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Athabascans heading to the polls

Two candidates for one vacant seat on council

ATHABASCA — It’s official, residents in the Town of Athabasca will get to pick one of two people to fill the seat left vacant following Loretta Prosser’s Oct. 18 resignation. 

Vying for the seat are Tracker’s Pet Supply owner Steve Splinter and former Servus Credit Union manager Darlene Reimer who are both active volunteers and well known in the community. 

"The advance poll opens Feb. 2 between 11 a.m. and 7 p.m.,” said Town of Athabasca CFO and returning officer Jeff Dalley. “Regular polling is open Feb. 13 from 10 a.m. to 8 p.m. and both will be held in the Town of Athabasca administration building.” 

“Also, on election day, we will have a travelling poll at Extendicare, Pleasant Valley Lodge, and the Athabasca Healthcare Centre for residents at those facilities only.” 

Voters must provide proof of identity in the form on a passport, driver’s licence or other government identification card, bank or credit card statement, a government issued cheque or cheque stub, an income or property tax assessment notice, insurance policy or card, pension statement, lease or mortgage statement, utility bill or even vehicle ownership with the registration or insurance card. 

“If someone doesn’t have those things, they can get a letter attesting who they are and where they live signed by an authorized representative of a commercial property management company, a correctional institution, a First Nations band or reserve, someone at a homeless facility or from a supportive living or treatment centre,” Dalley said, noting the full list is on the Town of Athabasca website.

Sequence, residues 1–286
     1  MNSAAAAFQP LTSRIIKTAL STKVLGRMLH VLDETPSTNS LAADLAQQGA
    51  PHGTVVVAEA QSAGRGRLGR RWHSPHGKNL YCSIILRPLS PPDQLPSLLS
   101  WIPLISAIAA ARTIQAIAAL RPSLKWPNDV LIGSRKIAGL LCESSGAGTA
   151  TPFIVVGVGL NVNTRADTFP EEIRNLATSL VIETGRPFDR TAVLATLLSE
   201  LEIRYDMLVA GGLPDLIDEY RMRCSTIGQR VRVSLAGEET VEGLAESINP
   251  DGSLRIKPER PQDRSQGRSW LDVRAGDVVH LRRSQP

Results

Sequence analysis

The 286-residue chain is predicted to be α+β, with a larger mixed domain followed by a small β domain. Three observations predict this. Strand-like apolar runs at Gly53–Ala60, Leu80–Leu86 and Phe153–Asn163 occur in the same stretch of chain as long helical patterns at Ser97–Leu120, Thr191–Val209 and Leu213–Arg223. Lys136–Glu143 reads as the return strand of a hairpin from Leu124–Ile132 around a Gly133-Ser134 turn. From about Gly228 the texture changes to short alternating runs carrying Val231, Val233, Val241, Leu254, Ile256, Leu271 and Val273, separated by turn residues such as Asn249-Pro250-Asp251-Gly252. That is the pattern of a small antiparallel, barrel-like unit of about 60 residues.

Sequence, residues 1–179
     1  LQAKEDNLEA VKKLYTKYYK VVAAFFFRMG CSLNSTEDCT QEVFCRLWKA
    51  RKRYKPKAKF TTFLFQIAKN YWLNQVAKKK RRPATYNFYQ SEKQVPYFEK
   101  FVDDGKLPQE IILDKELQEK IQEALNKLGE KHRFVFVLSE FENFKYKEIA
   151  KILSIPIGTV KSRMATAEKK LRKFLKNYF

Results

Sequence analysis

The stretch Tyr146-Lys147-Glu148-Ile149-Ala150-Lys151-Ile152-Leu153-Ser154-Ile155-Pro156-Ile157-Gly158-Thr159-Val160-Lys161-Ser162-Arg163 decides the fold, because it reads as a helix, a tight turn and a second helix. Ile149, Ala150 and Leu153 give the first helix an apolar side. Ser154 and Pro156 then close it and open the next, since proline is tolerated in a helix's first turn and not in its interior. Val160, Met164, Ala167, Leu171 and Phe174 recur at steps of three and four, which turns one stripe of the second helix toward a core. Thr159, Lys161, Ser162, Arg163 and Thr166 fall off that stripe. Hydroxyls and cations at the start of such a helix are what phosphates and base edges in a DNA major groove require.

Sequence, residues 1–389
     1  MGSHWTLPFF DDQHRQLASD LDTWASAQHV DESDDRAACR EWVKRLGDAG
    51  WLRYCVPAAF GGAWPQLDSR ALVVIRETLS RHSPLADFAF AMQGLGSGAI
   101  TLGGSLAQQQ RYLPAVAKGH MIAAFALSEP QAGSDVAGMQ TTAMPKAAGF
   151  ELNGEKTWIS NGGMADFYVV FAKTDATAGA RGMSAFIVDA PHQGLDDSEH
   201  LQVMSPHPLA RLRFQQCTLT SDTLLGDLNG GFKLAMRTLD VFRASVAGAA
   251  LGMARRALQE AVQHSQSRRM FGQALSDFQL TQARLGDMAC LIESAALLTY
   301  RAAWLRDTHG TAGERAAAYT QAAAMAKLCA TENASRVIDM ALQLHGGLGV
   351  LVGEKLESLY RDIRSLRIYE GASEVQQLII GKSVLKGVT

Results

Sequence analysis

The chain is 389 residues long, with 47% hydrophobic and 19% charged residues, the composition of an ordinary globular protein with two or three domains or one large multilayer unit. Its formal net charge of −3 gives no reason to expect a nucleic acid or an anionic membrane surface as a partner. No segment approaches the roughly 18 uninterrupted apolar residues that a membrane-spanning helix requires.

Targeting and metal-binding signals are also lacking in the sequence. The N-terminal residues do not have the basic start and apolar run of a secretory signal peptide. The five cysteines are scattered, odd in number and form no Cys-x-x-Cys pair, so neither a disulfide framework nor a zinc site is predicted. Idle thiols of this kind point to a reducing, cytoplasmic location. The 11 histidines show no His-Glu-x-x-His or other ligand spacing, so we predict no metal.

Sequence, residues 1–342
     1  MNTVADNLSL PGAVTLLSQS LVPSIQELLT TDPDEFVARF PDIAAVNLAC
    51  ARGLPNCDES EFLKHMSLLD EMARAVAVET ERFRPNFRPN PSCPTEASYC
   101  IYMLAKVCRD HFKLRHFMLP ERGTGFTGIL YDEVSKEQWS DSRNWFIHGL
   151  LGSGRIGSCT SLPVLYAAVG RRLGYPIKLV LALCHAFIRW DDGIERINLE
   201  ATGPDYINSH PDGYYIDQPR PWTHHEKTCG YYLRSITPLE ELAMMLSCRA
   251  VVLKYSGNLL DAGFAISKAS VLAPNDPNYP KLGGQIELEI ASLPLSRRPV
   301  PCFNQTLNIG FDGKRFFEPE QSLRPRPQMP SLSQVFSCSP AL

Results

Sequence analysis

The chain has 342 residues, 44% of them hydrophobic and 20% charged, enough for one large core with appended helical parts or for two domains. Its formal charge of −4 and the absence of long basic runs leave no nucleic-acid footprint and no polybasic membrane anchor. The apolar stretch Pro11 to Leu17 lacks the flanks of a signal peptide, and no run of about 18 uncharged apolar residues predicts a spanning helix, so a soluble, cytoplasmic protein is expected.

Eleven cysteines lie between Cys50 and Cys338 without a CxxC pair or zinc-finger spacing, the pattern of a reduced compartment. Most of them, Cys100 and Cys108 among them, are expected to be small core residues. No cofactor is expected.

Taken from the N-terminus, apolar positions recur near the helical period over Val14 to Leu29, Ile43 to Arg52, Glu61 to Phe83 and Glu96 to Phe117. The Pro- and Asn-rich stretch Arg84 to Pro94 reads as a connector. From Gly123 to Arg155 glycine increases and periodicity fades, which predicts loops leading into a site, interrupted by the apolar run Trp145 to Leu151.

The election falls under the Local Authorities Election Act which Dalley, as the returning officer, is following to ensure it goes smoothly. 

“The Act identifies the rules and regulations for candidates, donors, electors, and election administrators,” he said. "They must be followed before, during and after an election.” 

Questions about voting can be forwarded to Dalley at 780-675-2063 or e-mail 

Resignation leading to byelection 

Prosser won her seat in the 2021 municipal election, finishing sixth out of the six and less than a year later ran into trouble when she took a leave of absence from work and council duties, resulting in communication concerns. 

Prosser had been away from her primary employment with a doctor’s note granting her medical leave, but after missing the Oct. 4, 2022, meeting, her fourth consecutive absence, council voted down a motion from Coun. Ida Edwards which would have given Prosser one more meeting to return. 

That meant Prosser met the requirements for disqualification under the Municipal Government Act, Sct. 174(1)b, that states a councillor is disqualified if “the councillor is absent from all regular council meetings held during any period of 8 consecutive weeks, starting with the date that the first meeting is missed,” barring a council resolution. 

The first absence occurred Aug. 16, exactly eight weeks prior to the Oct. 4 meeting. 

Under Sct. 175(1) of the MGA, “a councillor that is disqualified must resign immediately.” If they do not resign, council may seek an order from a King’s Bench judge to declare a person to be disqualified, at which point the judge will either affirm the disqualification and leave the position vacant; invalidate the disqualification and allow the councillor to return; or dismiss the application altogether. 

Prosser submitted her resignation letter Oct. 18, 2022, one year to the day after being elected. 

Heather Stocking

About the Author: Heather Stocking

Heather Stocking a reporter at the Athabasca Advocate, a weekly paper in Northern Alberta. Heather covers all aspects of the news in and around Athabasca and Boyle as well as other small communities.
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